Having to Be Right
How can we learn to attend to our partner's point of view?
Posted Oct 14, 2020
Some people, it seems, need to be "right" more than they need almost anything else. I am frequently struck by the verbal lengths a person will go when they are very sure of themselves and someone challenges their belief, their memory, or their knowledge about something. This need takes many forms and is an interpersonal transaction often observed in the context of my work with couples.
One of the classic examples occurs when a couple is going somewhere in their car with one partner driving and the other partner navigating or just giving advice about how best to get to their destination. At the proverbial fork in the road, the driver decides to go left while the other insists that the other way is the "right" or better way.
They get stuck in unanticipated traffic. The non-driving partner becomes angry with the partner driving for having chosen the "wrong" way to go and, therefore, causing them to become stuck in traffic. "See, I told you we should have gone the other way," he or she screams at the hapless driver. Rather than share the unfortunate development in a "we're in this together" manner, the non-driver now blames the driver for their plight as though he or she committed a terrible offense.
This seems to me to be an example of not only needing to be right, but punishing the other for having managed to be wrong or, in this case, made a reasonable choice that resulted in frustration and disappointment, but did not deserve anger and condemnation.
In a USA Today report titled "Driving Each Other Nuts," adults who argue with their partner while driving were asked what they argue about. Here are the results:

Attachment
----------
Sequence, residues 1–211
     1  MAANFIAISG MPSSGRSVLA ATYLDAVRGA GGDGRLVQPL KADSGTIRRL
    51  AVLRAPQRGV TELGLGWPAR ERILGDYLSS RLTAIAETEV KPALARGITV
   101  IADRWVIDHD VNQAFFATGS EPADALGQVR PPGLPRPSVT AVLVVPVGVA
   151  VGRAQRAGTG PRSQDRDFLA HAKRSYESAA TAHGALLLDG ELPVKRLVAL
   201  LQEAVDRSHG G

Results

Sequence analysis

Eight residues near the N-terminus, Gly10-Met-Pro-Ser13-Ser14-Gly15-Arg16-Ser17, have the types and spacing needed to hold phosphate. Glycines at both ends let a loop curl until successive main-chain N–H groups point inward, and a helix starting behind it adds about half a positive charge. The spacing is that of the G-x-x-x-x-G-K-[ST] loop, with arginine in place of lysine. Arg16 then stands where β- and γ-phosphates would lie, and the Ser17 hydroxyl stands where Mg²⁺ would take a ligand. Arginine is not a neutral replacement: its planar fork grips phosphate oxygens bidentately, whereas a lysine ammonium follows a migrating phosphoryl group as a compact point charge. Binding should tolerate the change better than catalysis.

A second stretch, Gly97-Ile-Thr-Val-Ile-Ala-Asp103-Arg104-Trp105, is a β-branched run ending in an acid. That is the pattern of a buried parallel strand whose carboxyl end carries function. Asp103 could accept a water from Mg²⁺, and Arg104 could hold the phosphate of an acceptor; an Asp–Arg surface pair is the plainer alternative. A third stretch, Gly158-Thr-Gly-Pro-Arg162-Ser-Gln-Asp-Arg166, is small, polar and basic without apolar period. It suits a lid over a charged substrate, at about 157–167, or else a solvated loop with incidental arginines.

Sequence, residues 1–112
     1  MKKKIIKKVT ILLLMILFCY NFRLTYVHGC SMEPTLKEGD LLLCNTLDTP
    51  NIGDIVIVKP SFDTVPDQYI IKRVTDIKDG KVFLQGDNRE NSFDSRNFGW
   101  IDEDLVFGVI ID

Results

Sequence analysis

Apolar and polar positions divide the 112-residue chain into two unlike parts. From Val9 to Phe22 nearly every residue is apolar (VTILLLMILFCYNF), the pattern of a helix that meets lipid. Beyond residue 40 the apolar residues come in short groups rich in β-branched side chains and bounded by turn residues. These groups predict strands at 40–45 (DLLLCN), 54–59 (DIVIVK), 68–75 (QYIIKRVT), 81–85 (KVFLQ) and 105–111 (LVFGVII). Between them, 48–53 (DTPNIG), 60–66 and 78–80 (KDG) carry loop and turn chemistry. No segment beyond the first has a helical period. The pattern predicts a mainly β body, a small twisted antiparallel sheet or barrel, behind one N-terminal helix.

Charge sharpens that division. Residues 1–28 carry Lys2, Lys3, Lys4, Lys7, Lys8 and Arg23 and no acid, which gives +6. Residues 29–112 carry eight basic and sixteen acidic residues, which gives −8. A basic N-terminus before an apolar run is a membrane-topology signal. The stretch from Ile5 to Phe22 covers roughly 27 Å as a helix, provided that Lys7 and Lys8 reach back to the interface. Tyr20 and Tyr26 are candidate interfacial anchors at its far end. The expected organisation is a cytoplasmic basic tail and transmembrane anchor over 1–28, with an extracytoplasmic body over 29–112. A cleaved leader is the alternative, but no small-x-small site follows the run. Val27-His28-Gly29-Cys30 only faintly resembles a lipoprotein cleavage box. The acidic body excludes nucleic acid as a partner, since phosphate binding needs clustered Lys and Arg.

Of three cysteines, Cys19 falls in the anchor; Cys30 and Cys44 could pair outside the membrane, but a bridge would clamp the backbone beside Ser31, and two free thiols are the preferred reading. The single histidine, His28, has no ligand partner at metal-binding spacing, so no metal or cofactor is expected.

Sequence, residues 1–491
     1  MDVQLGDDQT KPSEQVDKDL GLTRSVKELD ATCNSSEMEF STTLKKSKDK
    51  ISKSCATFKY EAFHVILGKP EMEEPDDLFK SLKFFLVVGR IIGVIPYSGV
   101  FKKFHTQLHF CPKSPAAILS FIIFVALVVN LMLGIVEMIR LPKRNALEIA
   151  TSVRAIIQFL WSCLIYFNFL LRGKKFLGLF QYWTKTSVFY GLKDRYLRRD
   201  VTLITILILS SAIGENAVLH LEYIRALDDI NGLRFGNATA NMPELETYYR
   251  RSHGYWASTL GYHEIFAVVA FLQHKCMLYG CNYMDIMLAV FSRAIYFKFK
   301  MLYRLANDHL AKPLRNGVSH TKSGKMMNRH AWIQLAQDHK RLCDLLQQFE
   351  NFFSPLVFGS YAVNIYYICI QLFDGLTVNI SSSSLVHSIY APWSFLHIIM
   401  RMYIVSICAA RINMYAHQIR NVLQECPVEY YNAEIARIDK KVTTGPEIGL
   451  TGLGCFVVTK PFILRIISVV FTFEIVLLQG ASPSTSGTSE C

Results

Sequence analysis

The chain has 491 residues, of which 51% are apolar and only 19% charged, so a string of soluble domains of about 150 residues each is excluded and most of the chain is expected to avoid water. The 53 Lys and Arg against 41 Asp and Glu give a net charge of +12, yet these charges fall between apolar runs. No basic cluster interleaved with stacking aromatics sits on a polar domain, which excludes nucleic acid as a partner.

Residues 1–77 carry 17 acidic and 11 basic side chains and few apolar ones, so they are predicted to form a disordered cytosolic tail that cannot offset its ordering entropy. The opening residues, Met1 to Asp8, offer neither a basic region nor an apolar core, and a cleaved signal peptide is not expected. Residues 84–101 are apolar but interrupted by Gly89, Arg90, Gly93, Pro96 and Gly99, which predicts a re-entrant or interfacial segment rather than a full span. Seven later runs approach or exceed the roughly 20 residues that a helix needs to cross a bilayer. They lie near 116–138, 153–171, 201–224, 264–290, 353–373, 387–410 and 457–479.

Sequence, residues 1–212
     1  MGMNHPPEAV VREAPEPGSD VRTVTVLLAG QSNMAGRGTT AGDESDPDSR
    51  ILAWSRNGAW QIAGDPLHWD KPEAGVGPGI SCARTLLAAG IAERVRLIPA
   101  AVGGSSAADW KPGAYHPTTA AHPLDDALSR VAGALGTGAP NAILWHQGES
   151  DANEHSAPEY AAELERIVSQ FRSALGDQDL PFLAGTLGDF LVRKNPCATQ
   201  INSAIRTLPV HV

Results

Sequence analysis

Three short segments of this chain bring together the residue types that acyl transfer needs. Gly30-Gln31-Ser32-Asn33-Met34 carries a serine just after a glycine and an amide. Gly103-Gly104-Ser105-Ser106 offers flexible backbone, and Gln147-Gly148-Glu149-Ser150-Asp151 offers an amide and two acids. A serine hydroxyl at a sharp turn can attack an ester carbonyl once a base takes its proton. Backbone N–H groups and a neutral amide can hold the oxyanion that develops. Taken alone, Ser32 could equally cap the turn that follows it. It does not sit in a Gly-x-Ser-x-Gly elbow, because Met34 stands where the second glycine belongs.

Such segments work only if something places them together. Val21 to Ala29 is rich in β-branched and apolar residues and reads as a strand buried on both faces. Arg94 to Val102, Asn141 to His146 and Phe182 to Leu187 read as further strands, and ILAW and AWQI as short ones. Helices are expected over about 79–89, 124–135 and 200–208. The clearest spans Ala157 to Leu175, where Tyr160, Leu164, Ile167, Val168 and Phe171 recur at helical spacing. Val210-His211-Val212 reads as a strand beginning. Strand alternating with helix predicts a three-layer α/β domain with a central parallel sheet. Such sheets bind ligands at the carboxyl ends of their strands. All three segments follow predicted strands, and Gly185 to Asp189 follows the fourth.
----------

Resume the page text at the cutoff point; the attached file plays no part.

- Calling partner a bad driver: 31%
- Which route to take/asking for directions: 36%
- Radio/music Choice: 13%
- Partner's bad habits in the car: 11%
- Other: 9%
Another study found that the average couple can last only 22 minutes into a road trip before they get into an argument. The Seat car company from Spain surveyed 3,000 people and found that short fuses and long car trips do not mix. The most common cause of automotive acrimony is disputes over directions, with 44 percent of those surveyed saying they argued over which way to go.
In a recent couple's therapy session, Marvin wanted to reprocess an argument that he believed typified the kinds of conflicts that he and his wife Jill frequently experience. As he began to describe the specifics of the interaction that had occurred between them, Jill disputed his description of the day, time of day, location, and much of the content of what took place between them. Marvin, evidently having no less a need to be right than Jill, counter-disputed Jill's account of their conflict which, not surprisingly, created a whole new conflict between them. Fortunately, this occurred in the treatment room where we were able to address it and hopefully help them do better when disputes like these arise in the future.
I often find myself in the position of reminding patients that we are in therapy and not in court, where the facts are much more important and relevant. In therapy, the "court of feelings," we are far more interested in perceptions, emotional triggers, and what past experiences or beliefs are being activated by current interactions with present-day significant others. We are not terribly interested in whether the conflict occurred on Thursday or Friday, in the living room or the kitchen. We don't care whether or not he or she yelled or spoke normally, or whether one person's recall of the specifics is superior to that of their partner. One of the main reasons many couples seem to recycle the same arguments over and over again is because their efforts to resolve conflicts are defeated by their need to be "right" in their retelling, replaying, or reprocessing of a conflict, making it difficult for them to attend to the emotional significance of the issue and the reasons why they are experiencing matters so differently from each other.